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Jim Cymbala’s Missional Theology

Nikki and I continued to be challenged by Jim Cymbala’s messages at Maranatha. Although Cymbala has yet to refer to “missional theology,” I think he is a living example of missional theology at its best.

It is evident from my posts on this blog that I’m interested in missional theology. In fact, my Doctor of Ministry work from Fuller Theological Seminary is focused on missional theology. I would love to corner Jim Cymbala to talk about missional theology, but out of respect for both of our families on vacation, I haven’t done so. However, I have imagined (based upon his messages), what this conversation may look like.

Brian: Pastor Cymbala, what do you think about the emerging church movement?

Cymbala: What is the emerging church movement?

Brian: It is a movement of Christians that believe America has moved from a modern era to a postmodern era. They believe that the typical modern, American church is irrelevant in a postmodern culture and this is why Christianity is losing prominence in America.  Therefore, we must find a way for Christianity to be relevant in a postmodern culture.

Cymbala: You guys worry about and blame “culture” too much [editorial: he has said this in sermons this week!]. Don’t blame culture, blame the fact that the church is full of hypocrites who are only concerned about their own well-being. We don’t need new methods to reach culture, we just need to pray, allow the Spirit to lead, and get out there into the world and tell people about Christ.

Brian: Well, what do you think about missional theology?

Cymbala: What is missional theology?

Brian: It is a resurgence of the idea that the church has been sent into the world by God to continue the work of Christ (John 20:21). It teaches that the church’s core identity is that she is a missional people sent by God. Therefore, missions is not one program of the church among many, it is the essence of the church. Missional theology emphasizes moving beyond the walls of the church to impact the world for Christ.

Cymbala: You mean there needs to be a resurgence in this kind of thinking? Of course the church is supposed to continue the work of Christ. Of course missions is who we are. We’ve been doing this in Brooklyn for 25 years!! You guys need to stop reading so many books and spending so much money on school and just get out there and minister to people.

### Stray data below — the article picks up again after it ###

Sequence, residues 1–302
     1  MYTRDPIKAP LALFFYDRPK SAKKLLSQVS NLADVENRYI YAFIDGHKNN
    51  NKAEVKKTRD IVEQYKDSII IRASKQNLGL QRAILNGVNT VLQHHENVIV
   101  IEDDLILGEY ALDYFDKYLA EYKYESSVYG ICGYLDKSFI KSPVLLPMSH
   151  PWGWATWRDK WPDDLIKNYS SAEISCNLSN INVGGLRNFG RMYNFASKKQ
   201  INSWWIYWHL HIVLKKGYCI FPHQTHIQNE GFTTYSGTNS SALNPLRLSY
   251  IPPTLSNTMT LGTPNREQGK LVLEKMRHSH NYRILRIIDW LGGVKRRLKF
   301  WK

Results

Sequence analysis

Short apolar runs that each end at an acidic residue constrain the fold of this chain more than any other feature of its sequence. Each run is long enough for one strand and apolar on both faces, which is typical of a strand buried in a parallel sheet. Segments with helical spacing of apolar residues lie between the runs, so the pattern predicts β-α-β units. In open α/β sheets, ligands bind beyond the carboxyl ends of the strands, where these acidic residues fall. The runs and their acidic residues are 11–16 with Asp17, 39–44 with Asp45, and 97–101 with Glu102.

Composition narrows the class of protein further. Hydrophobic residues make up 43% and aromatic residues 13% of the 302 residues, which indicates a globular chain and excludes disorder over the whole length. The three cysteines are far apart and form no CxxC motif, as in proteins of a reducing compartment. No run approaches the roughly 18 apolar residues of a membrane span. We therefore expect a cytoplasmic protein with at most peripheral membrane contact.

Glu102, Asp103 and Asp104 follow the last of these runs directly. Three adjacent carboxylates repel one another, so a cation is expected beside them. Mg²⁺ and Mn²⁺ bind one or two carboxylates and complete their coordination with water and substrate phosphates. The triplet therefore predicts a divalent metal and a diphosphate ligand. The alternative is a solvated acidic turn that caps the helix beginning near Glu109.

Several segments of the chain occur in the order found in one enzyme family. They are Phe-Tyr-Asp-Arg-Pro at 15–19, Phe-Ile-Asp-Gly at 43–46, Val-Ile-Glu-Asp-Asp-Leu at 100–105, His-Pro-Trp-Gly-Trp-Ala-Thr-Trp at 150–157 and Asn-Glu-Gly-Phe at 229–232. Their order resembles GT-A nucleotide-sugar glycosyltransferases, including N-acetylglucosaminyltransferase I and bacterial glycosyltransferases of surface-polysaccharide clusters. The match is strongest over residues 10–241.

I do not mean to imply that Cymbala doesn’t know about the emerging church or missional theology. I’m sure he does. He strikes me as an extremely intelligent and well-read man who has a passion for church history. The point I’m trying to make is this: most of the North American church, including the emerging and even some of the missional movements, are so concerned with understanding the culture, creating and critiquing methods of doing church, debating the relationship between postmodernity and Christianity, etc,etc, that we are spending all of our time talking and not doing!

My own life serves as an example of this. How much time and money am I going to spend on another degree to learn what it means to be the missional people of God rather than just living as the missional people of God and making a difference in this world?

I’m amazed at Jim Cymbala.  He is a very intelligent and educated man, but he isn’t spending his time debating all of these things. While we debate, Jim and the Brooklyn Tabernacle are helping the people of Brooklyn earn their GEDs, overcome dependency upon drugs, give up lives of prostitution, seek reconciliation with their families, and, most importantly, enter into a relationship with Jesus Christ. While the rest of us talk about it, he is doing it.

If you think Cymbala’s approach is simple an unsophisticated, let me ask you a question: what impact have you or your church made on its community and the world for Christ? Cymbala doesn’t need to debate or study missional theology because he is missional. May God grant me just a little of what he has!

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  1. July 10, 2008 at 11:00 pm | #1

    I’ll pray it for you, if you pray it for me!

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